NORTH TEXAS (CBS 11 NEWS) – Protesters in North Texas and across America were on a mission Friday to keep attention focused on the border crisis.
There were demonstrations across the country, but the largest one in North Texas was in Dallas… where anti-illegal immigration protesters found themselves sharing the stage with immigration rights supporters.
“I think we’ve been duped into thinking it was the compassionate thing to do and unfortunately these kids are going to be into drugs, into gang activities, [and] into sex trafficking,” claimed a protestor from Garland who would only identify herself as Barb. “I think we need to look beyond what just the emotion, the compassion, the caring for the children really means.”
‘Barb’ was especially critical of Dallas County Judge Clay Jenkins, who initiated the idea of opening three local public facilities to children massed at the border. “I’m concerned that Clay Jenkins has taken the authority to bring not only 2,000 people here, but they’re saying up to 24,000,” she said. “And they’re not children. Twenty-percent are children with an accompanying parent or adult. The rest are in their teens, so I’m concerned who they’re bringing in here. They have no clue who these people are.”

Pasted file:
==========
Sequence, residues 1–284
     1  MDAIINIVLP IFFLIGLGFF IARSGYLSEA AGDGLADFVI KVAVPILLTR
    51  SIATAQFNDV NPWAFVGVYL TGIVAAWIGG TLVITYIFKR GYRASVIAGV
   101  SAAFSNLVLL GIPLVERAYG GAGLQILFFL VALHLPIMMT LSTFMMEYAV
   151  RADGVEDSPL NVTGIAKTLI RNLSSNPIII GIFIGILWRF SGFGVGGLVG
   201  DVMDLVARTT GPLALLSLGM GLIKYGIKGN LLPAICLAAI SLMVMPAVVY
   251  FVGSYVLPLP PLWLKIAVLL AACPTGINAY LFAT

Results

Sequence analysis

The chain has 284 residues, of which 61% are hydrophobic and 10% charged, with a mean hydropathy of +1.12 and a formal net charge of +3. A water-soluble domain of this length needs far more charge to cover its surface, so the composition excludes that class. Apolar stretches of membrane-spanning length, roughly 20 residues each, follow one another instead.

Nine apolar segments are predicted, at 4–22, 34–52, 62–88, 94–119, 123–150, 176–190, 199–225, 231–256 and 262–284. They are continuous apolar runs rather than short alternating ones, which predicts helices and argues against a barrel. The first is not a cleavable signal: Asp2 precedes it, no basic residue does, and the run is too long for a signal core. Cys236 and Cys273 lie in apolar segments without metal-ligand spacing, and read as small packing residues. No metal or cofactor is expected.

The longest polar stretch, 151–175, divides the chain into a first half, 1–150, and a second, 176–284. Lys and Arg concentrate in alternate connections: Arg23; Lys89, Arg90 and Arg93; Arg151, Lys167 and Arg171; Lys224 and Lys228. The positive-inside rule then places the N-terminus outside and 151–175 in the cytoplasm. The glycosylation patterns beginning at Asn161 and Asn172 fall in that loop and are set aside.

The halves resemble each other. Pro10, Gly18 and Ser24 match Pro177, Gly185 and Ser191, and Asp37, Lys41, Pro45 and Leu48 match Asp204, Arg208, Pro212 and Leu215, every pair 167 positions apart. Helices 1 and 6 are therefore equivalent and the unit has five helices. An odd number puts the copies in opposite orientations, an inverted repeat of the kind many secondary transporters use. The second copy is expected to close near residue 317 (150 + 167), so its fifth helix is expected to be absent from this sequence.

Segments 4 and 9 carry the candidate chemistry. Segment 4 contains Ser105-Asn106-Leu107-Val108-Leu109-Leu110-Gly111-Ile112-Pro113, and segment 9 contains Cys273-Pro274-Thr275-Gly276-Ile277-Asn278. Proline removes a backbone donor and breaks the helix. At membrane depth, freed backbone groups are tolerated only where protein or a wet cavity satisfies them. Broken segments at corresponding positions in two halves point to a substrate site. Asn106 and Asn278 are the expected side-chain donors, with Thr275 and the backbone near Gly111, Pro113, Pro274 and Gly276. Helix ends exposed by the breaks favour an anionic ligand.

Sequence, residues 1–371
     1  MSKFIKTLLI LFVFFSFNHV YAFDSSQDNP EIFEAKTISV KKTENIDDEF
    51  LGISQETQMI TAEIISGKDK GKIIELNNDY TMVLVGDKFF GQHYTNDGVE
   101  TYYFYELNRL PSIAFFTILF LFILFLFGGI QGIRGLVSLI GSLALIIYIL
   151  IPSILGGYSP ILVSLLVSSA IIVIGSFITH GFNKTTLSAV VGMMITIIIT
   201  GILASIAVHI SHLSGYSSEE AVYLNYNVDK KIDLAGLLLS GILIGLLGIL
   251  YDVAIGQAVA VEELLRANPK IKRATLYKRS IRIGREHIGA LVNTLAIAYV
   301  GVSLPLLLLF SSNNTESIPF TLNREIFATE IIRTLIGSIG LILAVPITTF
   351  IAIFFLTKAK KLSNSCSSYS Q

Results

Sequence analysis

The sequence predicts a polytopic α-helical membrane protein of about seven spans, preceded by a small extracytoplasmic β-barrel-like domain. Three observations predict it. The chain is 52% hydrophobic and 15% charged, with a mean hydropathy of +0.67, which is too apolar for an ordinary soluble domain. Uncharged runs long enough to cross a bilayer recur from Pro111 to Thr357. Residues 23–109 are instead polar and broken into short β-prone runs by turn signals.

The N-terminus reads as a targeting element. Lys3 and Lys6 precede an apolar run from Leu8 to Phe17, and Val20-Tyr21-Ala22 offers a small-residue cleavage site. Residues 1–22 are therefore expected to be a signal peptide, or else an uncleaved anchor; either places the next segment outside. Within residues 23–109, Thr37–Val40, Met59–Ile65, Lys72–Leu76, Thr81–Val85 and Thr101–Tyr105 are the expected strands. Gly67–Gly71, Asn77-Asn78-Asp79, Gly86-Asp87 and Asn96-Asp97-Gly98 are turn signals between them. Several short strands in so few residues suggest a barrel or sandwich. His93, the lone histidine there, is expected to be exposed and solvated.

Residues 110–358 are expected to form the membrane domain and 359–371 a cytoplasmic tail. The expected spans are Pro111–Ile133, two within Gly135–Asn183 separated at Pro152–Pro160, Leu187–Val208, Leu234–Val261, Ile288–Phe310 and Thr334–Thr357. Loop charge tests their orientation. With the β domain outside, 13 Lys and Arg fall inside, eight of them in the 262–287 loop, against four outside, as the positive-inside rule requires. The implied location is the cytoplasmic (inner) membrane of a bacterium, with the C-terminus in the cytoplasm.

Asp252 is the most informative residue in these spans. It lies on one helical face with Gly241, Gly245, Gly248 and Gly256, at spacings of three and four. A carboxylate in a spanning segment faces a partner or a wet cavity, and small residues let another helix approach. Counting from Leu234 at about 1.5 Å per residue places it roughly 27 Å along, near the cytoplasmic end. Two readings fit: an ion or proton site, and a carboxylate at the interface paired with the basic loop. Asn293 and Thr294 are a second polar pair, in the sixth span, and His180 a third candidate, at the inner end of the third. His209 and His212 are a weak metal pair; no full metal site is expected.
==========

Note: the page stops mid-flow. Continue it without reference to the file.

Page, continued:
“I would welcome them with open arms,” said Mavis Belisle of Dallas, who held a banner supporting the children. “But at minimum I want the law followed adequately. And the law is not to deport them immediately, but determine their status in a legal process.”
Judge Jenkins issued the following news release in the wake of the two demonstrations —
“I am focused on working with our community, faith leaders and federal partners on helping traumatized children in crisis move from detention on the border to compassionate care here. Leaders can empower grace and mercy or incite fear and anger but it’s the community that responds. Dallas County residents have overwhelmingly chosen compassion.”
Middle ground was hard to come by. Two groups, of about 50 people each, with opinions pretty well entrenched when it comes to illegal immigrants gathered at the border.
“Well, these people are coming here illegal; our borders are wide open. We need to stop it,” said Mark Montgomery of Dallas.
Montgomery was the polar opposite of Laura Mendoza, an organizer of the counter protest and member of the North Texas Dream Team. “We’re human, it doesn’t matter what color, where you’re from, it doesn’t matter anything,” Mendoza told CBS 11 News. “It’s children. We’re all human. We all matter. We all pay taxes.”
Edna Hill and her daughters were visiting the Kennedy Museum from Maryland, where their governor has asked not to receive the immigrants. The Hill’s were taking in both sides, because the mother said the issue came up recently in the girls’ summer school. “And we just happened to walk up on the group and I said, ‘It’s one thing to discuss it in class, but there are real people involved with sentiments on either side.'”
Though part of a national organizing effort, leaders were not obvious. Most information had come through social media.
“Everybody’s on their own,” said Marsha Williams of Garland. “This is no big organization that I know of. It’s just a lot of people come out.”
More demonstrations locally and statewide are set for Saturday.
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